Mark Your Calendars for a Superb Geminid Meteor Shower

Mark Your Calendars for a Superb Geminid Meteor Shower

It's time to make a Christmas wish on some shooting stars.

The big occasion is the US getting ideal astronomical conditions for the strong Geminid meteor shower.

Every year on about the same dates, Earth passes through swarms of rocky particles associated with the orbits of various comets.

As far as meteor showers are concerned, we're in luck.

It might seem unfortunate that one of the greatest meteor showers of the year comes as winter is ramping up.

A photographer looks at the night sky to see the annual Geminid meteor shower on the Elva Hill, in Maira Valley, near Cuneo, in northwest Italy, on December 12, 2015.

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Last year, the normally brilliant Geminids were outshone by a supermoon.

In some years, the moon is at a large phase all or most of the night and its bright light washes out our view of most of the meteors.

The Geminids stand apart from these other events, though.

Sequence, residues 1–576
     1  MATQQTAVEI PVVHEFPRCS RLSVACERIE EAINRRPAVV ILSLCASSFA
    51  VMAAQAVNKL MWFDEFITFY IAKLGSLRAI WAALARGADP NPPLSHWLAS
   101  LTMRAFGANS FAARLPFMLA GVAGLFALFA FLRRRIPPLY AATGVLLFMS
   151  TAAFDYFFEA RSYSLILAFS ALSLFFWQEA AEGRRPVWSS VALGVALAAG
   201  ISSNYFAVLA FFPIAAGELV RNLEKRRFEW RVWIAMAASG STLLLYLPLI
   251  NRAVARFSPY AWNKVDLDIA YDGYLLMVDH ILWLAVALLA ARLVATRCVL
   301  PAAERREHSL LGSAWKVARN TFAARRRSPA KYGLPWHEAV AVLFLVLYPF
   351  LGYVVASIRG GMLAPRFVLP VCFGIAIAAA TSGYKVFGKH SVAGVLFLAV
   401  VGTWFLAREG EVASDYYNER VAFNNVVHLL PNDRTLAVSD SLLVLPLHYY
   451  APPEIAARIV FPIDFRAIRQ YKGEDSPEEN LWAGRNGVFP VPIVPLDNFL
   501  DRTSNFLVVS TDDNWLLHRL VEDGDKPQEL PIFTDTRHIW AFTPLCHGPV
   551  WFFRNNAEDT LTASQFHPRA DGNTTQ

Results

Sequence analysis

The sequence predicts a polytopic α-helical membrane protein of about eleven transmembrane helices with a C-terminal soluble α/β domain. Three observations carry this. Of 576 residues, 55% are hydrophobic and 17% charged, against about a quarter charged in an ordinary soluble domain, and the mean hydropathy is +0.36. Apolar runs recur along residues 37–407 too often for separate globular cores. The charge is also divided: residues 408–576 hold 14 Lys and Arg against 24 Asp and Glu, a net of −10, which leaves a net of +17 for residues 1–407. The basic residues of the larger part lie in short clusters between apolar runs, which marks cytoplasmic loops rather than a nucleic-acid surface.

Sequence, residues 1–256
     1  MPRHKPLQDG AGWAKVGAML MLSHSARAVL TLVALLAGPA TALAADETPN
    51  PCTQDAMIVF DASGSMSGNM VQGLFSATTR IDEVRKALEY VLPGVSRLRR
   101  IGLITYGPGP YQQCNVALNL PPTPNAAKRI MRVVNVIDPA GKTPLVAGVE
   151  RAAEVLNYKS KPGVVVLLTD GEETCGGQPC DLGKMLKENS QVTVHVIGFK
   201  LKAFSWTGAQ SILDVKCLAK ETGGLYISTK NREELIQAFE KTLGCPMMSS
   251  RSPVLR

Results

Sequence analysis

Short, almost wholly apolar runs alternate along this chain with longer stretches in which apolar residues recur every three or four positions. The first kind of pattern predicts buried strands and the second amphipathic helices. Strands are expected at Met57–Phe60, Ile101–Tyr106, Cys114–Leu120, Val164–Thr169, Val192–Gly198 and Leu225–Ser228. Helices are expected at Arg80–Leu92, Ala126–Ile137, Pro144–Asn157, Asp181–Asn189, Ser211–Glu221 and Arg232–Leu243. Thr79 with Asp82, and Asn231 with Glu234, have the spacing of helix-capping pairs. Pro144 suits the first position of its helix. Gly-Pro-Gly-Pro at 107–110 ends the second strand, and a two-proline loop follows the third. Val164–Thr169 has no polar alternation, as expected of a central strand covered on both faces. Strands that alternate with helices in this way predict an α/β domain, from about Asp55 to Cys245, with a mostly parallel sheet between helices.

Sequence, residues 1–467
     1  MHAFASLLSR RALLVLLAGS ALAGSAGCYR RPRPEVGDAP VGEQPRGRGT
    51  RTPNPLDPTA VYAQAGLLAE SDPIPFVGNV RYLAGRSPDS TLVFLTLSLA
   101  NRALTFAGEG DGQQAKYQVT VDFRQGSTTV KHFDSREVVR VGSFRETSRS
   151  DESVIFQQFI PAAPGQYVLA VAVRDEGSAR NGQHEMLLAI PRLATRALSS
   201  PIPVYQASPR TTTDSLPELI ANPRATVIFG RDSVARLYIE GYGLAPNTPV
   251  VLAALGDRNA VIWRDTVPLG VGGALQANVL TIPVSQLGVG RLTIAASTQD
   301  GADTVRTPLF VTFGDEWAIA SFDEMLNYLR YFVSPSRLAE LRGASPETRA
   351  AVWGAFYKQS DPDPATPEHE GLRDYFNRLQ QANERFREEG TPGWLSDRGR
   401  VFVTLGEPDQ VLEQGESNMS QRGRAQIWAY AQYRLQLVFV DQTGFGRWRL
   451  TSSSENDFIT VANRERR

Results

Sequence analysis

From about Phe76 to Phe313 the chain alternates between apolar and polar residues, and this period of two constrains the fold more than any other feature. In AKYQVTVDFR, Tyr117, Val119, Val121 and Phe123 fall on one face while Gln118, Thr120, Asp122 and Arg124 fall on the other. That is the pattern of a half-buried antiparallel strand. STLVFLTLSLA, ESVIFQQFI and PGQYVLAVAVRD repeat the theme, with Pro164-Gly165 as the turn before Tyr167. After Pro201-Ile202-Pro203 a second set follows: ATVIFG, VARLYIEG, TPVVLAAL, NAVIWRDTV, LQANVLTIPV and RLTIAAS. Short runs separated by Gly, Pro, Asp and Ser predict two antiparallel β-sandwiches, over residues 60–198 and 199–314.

The Geminid meteor shower is distinctive insofar as it's not caused by a comet, but rather an asteroid with many properties of a comet. The shower will peak the night of the December 13th and be visible from most points on Earth through the morning of the 14th.

How many of these shooting stars can you expect to see? When judging these light shows, the number of meteors visible per hour is sometimes used as a proxy of brightness. That being said, you'll have to temper your expectations according to where you live; the light pollution in cities can impede visibility considerably, with numbers dwindling to around 10-15 per hour. But some of them will be bright meteors, maybe a few brighter than any star or planet, or even as bright as the moon.

Geminids are the slowpokes of the meteor world. From 11 4 a.m. Geminid rates of 60 or more would be possible if skies are quite clear. If you live in the United Kingdom, with its unending proclivity for leaden skies, you may not be so lucky but don't despair; you may still get a chance to see some ethereal pairings of the crescent moon with the planets Jupiter and Mars instead.

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